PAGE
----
A nanoparticle therapy developed by researchers at University Hospitals (UH) and Case Western Reserve University targets overactive neutrophils, a specific type of white blood cell, to prevent almost all types of blood clots without increase the risk of bleeding. The preclinical results, published in Science Translational Medicinecould help find safer ways to treat patients with blood clots. According to the Centers for Disease Control and Prevention (CDC), approximately 900,000 people in the United States suffer life-threatening blood clots each year.
“What we are showing for the first time is that neutrophils are the primary drivers of arterial and venous thrombosis. And when you target a neutrophil, you don’t increase the risk of bleeding, you just decrease the risk of clotting,” said Lalitha Nayak, MD, lead study author, hematologist/oncologist at the Seidman Cancer Center in UH, a member of the Developmental Therapeutics Program at the Case Comprehensive Cancer Center, and an associate professor at the Case Western Reserve School of Medicine.
Historically, arterial and venous thrombosis have been considered distinct molecular events requiring separate treatment paradigms. Arterial thrombosis (a clot in an artery), which can cause a heart attack or stroke, is usually treated with antiplatelet drugs such as aspirin, while blood thinners are used to treat venous thrombosis (a clot in an vein), which can cause pain or swelling in the legs or clots in the lungs.
More recently, however, experts have begun to suspect commonalities between the two events that could be exploited as new therapeutic targets.
In the new study, Nayak and his colleagues use animal models to show that hyperactive neutrophils participate in both arterial and venous thrombosis by increasing their ability to migrate and adhere to sites of injury. They also show that overactive neutrophils increase the production of key factors used as building blocks for clots.
In order to stop the process, the researchers identified a group of receptors unique to activated neutrophils and developed antibody-coated nanoparticles that specifically target these groups.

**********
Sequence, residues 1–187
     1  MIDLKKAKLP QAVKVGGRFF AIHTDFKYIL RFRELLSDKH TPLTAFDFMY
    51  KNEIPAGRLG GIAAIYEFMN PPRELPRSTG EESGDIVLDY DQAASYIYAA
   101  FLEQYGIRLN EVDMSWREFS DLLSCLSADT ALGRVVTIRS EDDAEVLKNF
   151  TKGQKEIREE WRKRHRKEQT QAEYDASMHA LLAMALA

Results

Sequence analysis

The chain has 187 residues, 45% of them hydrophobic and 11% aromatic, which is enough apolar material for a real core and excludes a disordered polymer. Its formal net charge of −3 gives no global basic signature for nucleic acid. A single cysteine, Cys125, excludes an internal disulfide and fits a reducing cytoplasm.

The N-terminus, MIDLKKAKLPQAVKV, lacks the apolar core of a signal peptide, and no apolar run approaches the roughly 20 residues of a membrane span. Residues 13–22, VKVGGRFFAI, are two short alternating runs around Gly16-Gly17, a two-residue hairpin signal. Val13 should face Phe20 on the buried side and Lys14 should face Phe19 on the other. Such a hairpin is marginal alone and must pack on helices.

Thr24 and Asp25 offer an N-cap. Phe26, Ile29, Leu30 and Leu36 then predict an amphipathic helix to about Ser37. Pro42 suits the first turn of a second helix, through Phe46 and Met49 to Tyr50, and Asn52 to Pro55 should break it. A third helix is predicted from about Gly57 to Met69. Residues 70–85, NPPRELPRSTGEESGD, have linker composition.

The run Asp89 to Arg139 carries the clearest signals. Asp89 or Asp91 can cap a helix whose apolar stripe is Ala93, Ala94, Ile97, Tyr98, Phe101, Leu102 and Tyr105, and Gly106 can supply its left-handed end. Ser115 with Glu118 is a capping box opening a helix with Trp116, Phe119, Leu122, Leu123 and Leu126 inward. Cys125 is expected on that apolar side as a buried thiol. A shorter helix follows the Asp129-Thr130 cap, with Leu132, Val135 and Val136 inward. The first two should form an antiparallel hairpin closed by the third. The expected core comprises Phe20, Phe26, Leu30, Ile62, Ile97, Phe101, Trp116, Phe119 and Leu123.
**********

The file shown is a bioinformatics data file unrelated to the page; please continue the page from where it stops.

“Because neutrophils play an important role in innate immune function, if we target all neutrophils, we will increase our risk of infections. But here we are starting to say that we can identify activated neutrophils and only prevent them from participating in the clot,” Nayak said.
Other therapeutic mechanisms for targeting activated neutrophils could revolve around Krüppel-like factor 2 (KLF2), a transcription factor that researchers have identified as central in neutrophil activation.
“Interestingly, we change a single transcription factor in the neutrophil and it does all of this,” Nayak said. “Can we consider therapies that simply increase KLF2 to keep neutrophils quiescent? We have so many avenues for therapy here. »
Nayak points out that while this research is likely to have an impact on the field of thrombosis in general, these findings may have particular impact for patients with pancreatic cancer or other cancers for which blood clots are a complication. current. According to the CDC, blood clots are the leading cause of death in people with cancer, after the cancer itself.
“About 40% of pancreatic cancer patients can develop a clot before they die,” she said. “The next steps in our research are to use a mouse model of cancer-associated thrombosis to see if we could use nanoparticles as a targeted therapy in this case. »
Cleveland University Hospitals Medical Center
Nayak, L., et al. Targetable pathway in neutrophils attenuates arterial and venous thrombosis. Science Translational Medicine (2022). DOI:10.1126/scitranslmed.abj7465